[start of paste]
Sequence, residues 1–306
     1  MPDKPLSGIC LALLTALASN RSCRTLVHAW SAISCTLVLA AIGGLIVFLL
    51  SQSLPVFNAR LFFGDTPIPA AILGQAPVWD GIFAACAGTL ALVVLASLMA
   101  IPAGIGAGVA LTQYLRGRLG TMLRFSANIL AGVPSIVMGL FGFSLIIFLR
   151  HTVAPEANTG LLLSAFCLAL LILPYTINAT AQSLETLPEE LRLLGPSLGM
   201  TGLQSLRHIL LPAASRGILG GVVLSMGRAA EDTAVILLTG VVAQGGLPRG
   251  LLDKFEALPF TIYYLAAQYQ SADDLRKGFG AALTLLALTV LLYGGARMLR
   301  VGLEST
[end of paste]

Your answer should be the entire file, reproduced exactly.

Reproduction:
Sequence, residues 1–306
     1  MPDKPLSGIC LALLTALASN RSCRTLVHAW SAISCTLVLA AIGGLIVFLL
    51  SQSLPVFNAR LFFGDTPIPA AILGQAPVWD GIFAACAGTL ALVVLASLMA
   101  IPAGIGAGVA LTQYLRGRLG TMLRFSANIL AGVPSIVMGL FGFSLIIFLR
   151  HTVAPEANTG LLLSAFCLAL LILPYTINAT AQSLETLPEE LRLLGPSLGM
   201  TGLQSLRHIL LPAASRGILG GVVLSMGRAA EDTAVILLTG VVAQGGLPRG
   251  LLDKFEALPF TIYYLAAQYQ SADDLRKGFG AALTLLALTV LLYGGARMLR
   301  VGLEST